Echo Mountain
Echo Mountain

List Price:

$29.79
School Discount
Price:

$20.85
Qty(25-99)
Discount Price:

$20.43
Qty(100-249)
Discount Price:

$20.22
Qty(250-499)
Discount Price:

$20.02
Qty(>500)
Discount Price:

$19.60
To purchase this item, you must first login or register for a new account.

Annotation: “Soothing and exquisitely written.” –People “A supple tale of struggle, ingenuity and the restorative power of generosit... more
Catalog Number: #212299
Format: Perma-Bound Edition from Publisher's Hardcover
All Formats: Search
Special Formats: Hot Title Hot Title
Publisher: Penguin
Copyright Date: 2020
Edition Date: 2020
Pages: 368
Availability: Available
New Title: Yes
ISBN: Publisher: 0-525-55556-0 Perma-Bound: 0-605-02889-3
ISBN 13: Publisher: 978-0-525-55556-8 Perma-Bound: 978-0-605-02889-0
Dewey: Fic
Language: English
Reviews:
Kirkus Reviews
After losing almost everything in the Great Depression, Ellie's family moves to the Maine woods on Echo Mountain to start a farm—then tragedy strikes.Not long after getting them established in their new life, Ellie's father is struck on the head by a falling tree and lapses into a monthslong coma, his recovery unlikely. Never feeling threatened by the wilderness the way her mother and older sister, Esther, do, Ellie takes over many of her beloved father's chores, finding comfort and confidence in the forest. She's fully mindful of her place in the natural world and her impact on the plants and animals she shares it with. After she becomes determined to use the resources of the woods, however novel and imaginative the application, to save her father, conflict with her mother and Esther increases sharply. Led by a dog, Ellie discovers elderly Cate—called "hag" and shunned as a witch—badly injured, living alone in a cabin on the mountaintop. Cate fully understands the 12-year-old's slightly supernatural sense. Cate's grandson, Larkin, Ellie's age, flits in and out of the tale before finally claiming his place in this magnificently related story of the wide arc of responsibility, acceptance, and, ultimately, connectedness. Carefully paced and told in lyrical prose, characters—all default white—are given plenty of time and room to develop against a well-realized, timeless setting.A luscious, shivery delight. (Historical fiction. 10-14)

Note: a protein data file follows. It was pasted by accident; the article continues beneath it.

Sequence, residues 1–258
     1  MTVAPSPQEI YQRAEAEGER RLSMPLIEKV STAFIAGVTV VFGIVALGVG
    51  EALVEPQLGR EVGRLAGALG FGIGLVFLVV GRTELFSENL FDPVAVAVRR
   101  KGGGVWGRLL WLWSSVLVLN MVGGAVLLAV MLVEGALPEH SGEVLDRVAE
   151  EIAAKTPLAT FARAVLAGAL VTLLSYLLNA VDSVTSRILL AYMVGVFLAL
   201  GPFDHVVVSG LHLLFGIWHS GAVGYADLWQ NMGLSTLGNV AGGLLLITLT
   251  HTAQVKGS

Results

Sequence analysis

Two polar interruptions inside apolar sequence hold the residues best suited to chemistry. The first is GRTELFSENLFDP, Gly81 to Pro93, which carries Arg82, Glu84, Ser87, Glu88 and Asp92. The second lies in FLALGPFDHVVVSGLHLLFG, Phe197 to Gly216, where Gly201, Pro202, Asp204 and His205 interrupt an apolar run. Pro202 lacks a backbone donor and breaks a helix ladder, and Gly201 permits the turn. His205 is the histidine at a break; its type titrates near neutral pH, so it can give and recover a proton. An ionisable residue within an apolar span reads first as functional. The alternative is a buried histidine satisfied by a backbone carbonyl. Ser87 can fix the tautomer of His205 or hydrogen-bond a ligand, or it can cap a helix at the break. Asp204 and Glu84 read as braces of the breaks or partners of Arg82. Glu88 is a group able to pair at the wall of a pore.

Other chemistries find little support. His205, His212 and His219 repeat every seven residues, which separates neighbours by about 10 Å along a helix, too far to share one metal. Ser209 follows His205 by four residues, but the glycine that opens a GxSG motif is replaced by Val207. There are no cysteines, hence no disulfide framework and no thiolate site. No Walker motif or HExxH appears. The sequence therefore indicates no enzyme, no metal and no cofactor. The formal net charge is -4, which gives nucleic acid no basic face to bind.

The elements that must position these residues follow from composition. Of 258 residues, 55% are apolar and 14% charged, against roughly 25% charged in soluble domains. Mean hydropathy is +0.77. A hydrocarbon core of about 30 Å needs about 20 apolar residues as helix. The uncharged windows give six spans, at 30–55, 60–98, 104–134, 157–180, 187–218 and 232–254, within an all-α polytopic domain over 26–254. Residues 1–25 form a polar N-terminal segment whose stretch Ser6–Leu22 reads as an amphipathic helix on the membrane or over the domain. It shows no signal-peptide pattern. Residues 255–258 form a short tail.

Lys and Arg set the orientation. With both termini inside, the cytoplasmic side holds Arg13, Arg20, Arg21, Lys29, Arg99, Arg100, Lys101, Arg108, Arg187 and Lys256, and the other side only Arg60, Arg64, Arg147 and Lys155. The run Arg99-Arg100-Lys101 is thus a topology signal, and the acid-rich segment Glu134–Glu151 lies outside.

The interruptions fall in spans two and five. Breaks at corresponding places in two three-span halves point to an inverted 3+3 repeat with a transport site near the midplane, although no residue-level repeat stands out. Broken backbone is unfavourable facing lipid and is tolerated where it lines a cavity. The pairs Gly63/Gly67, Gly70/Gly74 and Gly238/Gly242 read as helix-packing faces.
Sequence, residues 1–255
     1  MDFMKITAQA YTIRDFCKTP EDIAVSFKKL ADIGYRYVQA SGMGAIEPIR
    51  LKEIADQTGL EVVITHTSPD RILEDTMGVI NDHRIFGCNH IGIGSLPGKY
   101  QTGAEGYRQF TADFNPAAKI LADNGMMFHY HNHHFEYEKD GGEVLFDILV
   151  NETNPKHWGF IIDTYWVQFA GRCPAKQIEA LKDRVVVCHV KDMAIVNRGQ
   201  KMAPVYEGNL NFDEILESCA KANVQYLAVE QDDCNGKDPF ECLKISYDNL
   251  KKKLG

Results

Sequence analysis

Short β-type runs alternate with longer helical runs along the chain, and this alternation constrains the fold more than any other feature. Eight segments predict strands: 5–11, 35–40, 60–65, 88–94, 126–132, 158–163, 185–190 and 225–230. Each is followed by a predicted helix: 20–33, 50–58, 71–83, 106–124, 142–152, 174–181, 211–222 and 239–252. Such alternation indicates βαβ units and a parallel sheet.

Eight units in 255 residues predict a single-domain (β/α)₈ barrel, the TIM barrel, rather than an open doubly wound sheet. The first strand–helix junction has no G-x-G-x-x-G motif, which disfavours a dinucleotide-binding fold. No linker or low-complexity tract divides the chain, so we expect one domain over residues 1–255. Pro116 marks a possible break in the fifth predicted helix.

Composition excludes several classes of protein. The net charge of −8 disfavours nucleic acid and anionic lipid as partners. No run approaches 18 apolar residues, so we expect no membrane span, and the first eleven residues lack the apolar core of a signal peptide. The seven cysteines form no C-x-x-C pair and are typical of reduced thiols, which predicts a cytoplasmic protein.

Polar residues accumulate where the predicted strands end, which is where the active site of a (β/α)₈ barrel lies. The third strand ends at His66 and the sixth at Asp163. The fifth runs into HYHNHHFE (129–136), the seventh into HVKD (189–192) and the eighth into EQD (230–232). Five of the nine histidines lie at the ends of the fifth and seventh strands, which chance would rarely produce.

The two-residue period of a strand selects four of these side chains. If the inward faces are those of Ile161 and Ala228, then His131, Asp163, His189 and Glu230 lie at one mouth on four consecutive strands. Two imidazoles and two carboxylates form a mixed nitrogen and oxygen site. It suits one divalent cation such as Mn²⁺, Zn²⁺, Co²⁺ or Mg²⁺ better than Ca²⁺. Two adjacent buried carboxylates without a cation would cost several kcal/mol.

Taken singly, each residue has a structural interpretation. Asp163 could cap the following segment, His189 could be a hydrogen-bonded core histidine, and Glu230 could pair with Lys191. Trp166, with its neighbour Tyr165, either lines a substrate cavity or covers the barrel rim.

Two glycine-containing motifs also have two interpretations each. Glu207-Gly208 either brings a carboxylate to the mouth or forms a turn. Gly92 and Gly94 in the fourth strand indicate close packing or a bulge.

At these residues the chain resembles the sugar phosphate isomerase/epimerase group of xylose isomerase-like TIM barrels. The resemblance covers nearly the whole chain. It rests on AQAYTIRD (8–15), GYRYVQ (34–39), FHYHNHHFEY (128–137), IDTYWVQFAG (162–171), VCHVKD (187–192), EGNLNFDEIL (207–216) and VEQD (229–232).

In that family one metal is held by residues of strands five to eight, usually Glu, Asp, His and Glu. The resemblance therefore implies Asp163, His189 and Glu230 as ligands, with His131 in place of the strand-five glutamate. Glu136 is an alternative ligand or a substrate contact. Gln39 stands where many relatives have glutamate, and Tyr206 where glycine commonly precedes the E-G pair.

Publishers Weekly
A girl realizes her standout gifts as a healer in this exquisitely layered historical novel set in Depression-era Maine. After the financial crash forces a tight-knit family of five to move from town to build a cabin on Echo Mountain, a tree-felling accident puts 12-year-old narrator Ellie-s father into a coma. The family-s struggle to survive intensifies, made worse by fears about whether their beloved father-a tailor turned woodsman who, like Ellie, loves the wild-will ever awaken. Complex family dynamics loom large amid day-to-day matters: Ellie-s mother and sister long for their former life and blame Ellie for her father-s state; Ellie, who discovers a gift for healing, further upsets them by trying to startle her father awake. When a dog leads Ellie to -the hag,- a woman who knows about cures and is herself suffering, the girl lends a hand, resulting in further
School Library Journal
Gr 4 Up The Great Depression took many things from Ellie's familyher parent's jobs, their house, and their comfortable lives. They moved to property on Echo Mountain to start over and rebuild. And what the Great Depression didn't take, the mountain did. Ellie lost the family that she once knew. Her mother and her sister, Esther, weren't meant for life on the mountains, they said. And her father has spent the last several months in a coma due to an accident from a felled tree. Ellie carries the emotional burden of taking the blame for it and the physical burden of handling the manual tasks in his absence. But while the mountain takes, it also givescarved trinkets, plants for healing, and friendships found in unexpected places. Wolk crafts an uplifting story of resilience and determination during a time when morale is incredibly low. She illustrates how people are multifaceted, and not always what they seem. In this novel, family can take many formsthe one you're born into, and the one that finds you when and where you least expect it. The narrative does contain subtle but direct details involving maggots, blood, and wounds that will intrigue the most reluctant of readers but may be too much for those with a weak stomach. VERDICT A heartfelt read and recommended first purchase for all collections. You can tell readers that the dog doesn't die at the end. Alicia Kalan, The Northwest School, Seattle